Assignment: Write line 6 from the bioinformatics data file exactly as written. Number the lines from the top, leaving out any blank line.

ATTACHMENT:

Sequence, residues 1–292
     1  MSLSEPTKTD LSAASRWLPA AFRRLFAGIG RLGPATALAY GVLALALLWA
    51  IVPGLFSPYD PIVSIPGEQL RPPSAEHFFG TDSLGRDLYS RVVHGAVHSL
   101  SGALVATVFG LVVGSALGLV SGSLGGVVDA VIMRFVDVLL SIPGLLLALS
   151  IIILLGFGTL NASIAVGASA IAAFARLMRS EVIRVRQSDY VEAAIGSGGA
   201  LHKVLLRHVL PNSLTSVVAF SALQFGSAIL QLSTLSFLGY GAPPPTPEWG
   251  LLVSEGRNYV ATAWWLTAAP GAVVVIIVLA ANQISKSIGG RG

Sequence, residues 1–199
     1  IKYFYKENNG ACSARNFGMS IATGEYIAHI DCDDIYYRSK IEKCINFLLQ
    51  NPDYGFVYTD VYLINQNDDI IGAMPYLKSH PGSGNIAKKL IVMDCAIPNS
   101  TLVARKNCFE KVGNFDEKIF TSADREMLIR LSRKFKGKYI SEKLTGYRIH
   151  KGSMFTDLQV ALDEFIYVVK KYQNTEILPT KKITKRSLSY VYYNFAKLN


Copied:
   201  LHKVLLRHVL PNSLTSVVAF SALQFGSAIL QLSTLSFLGY GAPPPTPEWG